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Wednesday, June 10, 2015

Twilight Zone in the Classroom


If you know anything about my teaching style, you know that I love to use movies in my classroom to teach literary elements. Kids get tired of doing the same old assignments for identifying and analyzing these elements so sometimes I have to get creative! I also like introducing students to films (or T.V. shows as the case may be) that they would not normally interact with. 

Enter:

The Twilight Zone

I decided to compile a few of my favorite episodes and what literary elements can be reviewed within each episode. Really any episode of The Twilight Zone will contain most of the literary elements, but I sometimes like to have my students focus on just one.

I was able to find most episodes on both IMDB and Youtube for free and have included those links. 

(Check back tomorrow for a post on how to view Youtube videos in your classroom even if it is blocked at your school!)

Foreshadowing:

“Time Enough at Last”


Foreshadowing Clues:
1. The narration as Bemis is called into his boss’ office
2.     His reading has gotten him in trouble previously (Boss, wife, customers)
3.     His glasses fall off as Helen rips up the novel
4.     Newspaper headline about bomb being capable of total destruction
5.     Continued references to time
6.     He does not seem to care for his glasses very often
7.     He knocks the counter over breaking the glass before he finds the gun.
8.     “If there were only something to do!”
9.     “All the books I’ll EVER need”
10. He starts planning his life in books
11. He mentions that he has ALL the time in the world



Bonus: You can also discuss irony with his glasses breaking at the end and his having ALL the time in the world. 


“Eye of the Beholder”

Foreshadowing Clues:


  1. Why doesn’t the audience see the actor’s faces? They are always hidden or in shadows and silhouettes.
  2. Red Herring foreshadowing with all the references to how “Ugly” the patient is makes us think she will be odd looking to “us”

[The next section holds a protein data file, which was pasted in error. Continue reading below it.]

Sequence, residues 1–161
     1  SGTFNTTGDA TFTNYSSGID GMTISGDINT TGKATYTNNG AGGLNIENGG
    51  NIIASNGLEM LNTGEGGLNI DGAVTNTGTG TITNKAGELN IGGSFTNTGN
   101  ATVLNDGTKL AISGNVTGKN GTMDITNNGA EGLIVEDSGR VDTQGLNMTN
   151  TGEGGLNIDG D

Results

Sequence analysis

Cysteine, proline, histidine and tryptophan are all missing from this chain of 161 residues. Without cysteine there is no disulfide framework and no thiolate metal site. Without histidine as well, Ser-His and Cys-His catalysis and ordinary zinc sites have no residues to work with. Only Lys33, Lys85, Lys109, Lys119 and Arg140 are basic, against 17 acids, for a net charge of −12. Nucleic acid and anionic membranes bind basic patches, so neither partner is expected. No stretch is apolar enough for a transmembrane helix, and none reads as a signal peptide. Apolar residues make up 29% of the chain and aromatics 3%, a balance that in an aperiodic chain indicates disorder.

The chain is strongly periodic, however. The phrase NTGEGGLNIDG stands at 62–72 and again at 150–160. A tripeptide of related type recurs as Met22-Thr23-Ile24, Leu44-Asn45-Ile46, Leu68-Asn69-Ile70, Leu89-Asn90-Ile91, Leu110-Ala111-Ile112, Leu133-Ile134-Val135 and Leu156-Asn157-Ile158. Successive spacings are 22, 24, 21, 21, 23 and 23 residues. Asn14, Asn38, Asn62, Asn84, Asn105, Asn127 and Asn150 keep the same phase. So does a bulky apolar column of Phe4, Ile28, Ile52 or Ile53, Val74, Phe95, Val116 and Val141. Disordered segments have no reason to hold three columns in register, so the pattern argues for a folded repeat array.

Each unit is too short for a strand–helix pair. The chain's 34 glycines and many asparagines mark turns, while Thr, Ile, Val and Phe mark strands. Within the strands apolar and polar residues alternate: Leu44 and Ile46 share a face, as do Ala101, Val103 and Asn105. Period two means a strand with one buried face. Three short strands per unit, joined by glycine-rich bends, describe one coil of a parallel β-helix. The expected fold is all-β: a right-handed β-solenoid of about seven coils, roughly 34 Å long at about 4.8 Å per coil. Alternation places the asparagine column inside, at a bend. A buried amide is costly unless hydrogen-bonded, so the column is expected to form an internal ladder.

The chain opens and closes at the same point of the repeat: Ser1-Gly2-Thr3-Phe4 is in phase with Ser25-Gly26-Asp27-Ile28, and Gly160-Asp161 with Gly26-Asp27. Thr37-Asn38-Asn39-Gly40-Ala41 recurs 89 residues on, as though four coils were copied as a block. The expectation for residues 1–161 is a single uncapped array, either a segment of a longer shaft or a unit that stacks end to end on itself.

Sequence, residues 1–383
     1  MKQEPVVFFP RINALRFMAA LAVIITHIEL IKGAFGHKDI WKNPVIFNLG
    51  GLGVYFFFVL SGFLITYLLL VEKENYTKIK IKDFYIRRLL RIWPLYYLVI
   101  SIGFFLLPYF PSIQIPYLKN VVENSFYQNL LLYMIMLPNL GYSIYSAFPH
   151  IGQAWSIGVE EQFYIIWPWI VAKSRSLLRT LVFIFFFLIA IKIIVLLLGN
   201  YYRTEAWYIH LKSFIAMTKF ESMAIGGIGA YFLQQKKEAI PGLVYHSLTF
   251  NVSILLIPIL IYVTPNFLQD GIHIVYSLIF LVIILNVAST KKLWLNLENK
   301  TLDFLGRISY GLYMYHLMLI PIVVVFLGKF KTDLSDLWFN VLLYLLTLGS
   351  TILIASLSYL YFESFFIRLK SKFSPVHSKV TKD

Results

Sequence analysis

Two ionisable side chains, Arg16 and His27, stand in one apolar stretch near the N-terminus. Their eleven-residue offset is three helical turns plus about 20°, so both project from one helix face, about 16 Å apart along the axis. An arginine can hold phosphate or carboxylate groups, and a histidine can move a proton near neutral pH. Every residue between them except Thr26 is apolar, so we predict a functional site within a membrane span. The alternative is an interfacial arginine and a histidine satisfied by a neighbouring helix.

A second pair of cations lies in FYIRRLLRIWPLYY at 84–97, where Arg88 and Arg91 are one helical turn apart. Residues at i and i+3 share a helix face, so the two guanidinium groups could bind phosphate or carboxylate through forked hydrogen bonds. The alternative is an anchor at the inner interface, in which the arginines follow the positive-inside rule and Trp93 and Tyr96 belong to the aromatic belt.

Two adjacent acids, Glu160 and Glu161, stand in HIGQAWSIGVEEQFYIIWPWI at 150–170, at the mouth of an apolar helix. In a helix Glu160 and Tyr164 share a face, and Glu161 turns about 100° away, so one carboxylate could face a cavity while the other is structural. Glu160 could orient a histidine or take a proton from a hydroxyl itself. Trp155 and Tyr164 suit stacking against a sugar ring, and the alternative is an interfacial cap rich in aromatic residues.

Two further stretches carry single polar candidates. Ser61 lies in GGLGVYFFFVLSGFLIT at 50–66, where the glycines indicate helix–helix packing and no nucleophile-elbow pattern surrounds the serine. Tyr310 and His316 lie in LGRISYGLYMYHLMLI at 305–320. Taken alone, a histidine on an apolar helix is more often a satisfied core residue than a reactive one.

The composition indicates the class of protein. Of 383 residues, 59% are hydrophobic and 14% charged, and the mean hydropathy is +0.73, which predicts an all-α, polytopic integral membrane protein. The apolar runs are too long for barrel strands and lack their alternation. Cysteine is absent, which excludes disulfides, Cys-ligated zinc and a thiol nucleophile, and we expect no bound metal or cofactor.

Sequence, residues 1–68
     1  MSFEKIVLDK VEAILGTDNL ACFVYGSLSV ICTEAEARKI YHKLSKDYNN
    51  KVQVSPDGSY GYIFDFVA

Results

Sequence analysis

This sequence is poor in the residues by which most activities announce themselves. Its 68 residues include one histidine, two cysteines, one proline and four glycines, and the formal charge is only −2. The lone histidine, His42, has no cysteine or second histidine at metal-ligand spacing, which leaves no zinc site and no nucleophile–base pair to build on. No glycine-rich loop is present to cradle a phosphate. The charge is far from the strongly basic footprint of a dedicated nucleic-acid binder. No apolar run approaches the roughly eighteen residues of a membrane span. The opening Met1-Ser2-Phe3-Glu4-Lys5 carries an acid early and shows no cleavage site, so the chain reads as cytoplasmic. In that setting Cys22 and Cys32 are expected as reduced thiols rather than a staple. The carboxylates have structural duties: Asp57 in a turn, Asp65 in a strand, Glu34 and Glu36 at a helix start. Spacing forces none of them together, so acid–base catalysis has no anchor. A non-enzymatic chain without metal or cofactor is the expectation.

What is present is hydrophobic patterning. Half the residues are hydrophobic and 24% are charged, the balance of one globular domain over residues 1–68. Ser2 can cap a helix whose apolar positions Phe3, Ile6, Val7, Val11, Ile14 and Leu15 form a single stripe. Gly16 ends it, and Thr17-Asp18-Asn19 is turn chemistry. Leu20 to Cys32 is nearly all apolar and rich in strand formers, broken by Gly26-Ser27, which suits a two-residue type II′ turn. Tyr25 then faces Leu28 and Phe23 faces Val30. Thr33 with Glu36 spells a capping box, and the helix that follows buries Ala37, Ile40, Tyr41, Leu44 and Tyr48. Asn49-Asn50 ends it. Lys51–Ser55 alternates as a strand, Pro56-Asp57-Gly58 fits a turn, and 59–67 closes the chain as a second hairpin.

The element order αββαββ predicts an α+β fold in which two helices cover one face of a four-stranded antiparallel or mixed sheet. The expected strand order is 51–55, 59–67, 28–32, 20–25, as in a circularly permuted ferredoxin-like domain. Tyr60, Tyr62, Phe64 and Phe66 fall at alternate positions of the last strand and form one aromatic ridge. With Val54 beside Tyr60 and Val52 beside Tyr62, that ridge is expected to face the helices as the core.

3.  Narrator, “Don’t be surprised by what you are about to see.”
  4. We know the society is odd because they mention:
    She wants to “fit” in with society
    They don’t want to spend more money to help
    They won’t let her go outside
    They have segregated off people of her ”kind” like a ghetto or concentration camp
    She can’t live a life around “normal” people
    There are rules against people like her
    Ugliness is a crime
    Doctor is not compassionate and lacking bedside manner
    Doctor is supposed to be careful about saying out loud that people should be allowed to be different
    The “leader” discusses glorious conformity
    Society can terminate undesirables

Flashback:
“To Serve Man”

The story of how our main character came to be aboard the spaceship is told through flashback.


Conflict:
“The Living Doll”
  1. Supernatural/Technology: Father is against the doll which could be considered both technology and supernatural
  2. Character: Father is against daughter and mother who don't want him to get rid of the doll
  3. Character: Father is against the daughter because he makes her feel rejected due to the fact that she is just his "Stepchild"
  4. Character: Father is against mother for buying a doll the daughter doesn't need/can't afford
  5. Self: The mother cannot have children
  6. Self: The daughter goes to therapy because of her feelings of rejection
  7. Self: The father is bitter about his lack of children and his deep seated issues with his family.

Theme: 
“The Monsters are Due on Maple Street”
Potential themes:
  • Fear and suspicion can cause peaceful people to turn on one another.
  • Mankind is its own worst enemy.
  • Prejudices can kill.
  • Suspicion can destroy
  • Thoughtless, frightened searching for a scapegoat will have a fallout.

Fun companion idea:
Have the students read “They’re Made out of Meat” and compare the two stories. 

Symbolism (the masks):
“The Masks”

Jason wants his family to wear masks that are the "opposite" of their personalities. Son-in-law Wilfred, who claims he’s “friendly,” wears the cold, calculating mask; granddaughter Paula, who’s arrogant and selfish and obsessed with her own beauty, wears a mask with a stuck up nose and high cheekbones; and so on. In the end, the masks bring to light each of the family member's true personalities. The masks symbolize who they are on the inside and bring them to the outside where they cannot be hidden.


Some other fun episodes to use for plot/characterization/conflict/theme:

“Nick of Time”:

“The Obsolete Man”


It’s a Good Life”

“Nightmare at 20,000 Feet”

“Five Characters in Search of an Exit”

Fun Companion Idea:

Have the students watch the Felicity  “Help for the Lovelorn” and compare the two. (I know that it is rated TV-14, but I didn’t re-watch that episode to know how appropriate it is for younger audiences).


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I thought that my kids would complain about watching these old black and white episodes, but they really got into them! Although, I may have scared a few for life with "Nightmare at 20,000 Feet" but I'm okay with that!


I created some handout for students to fill out that could work for any movie (or in this case, T.V. Show). You can find those:


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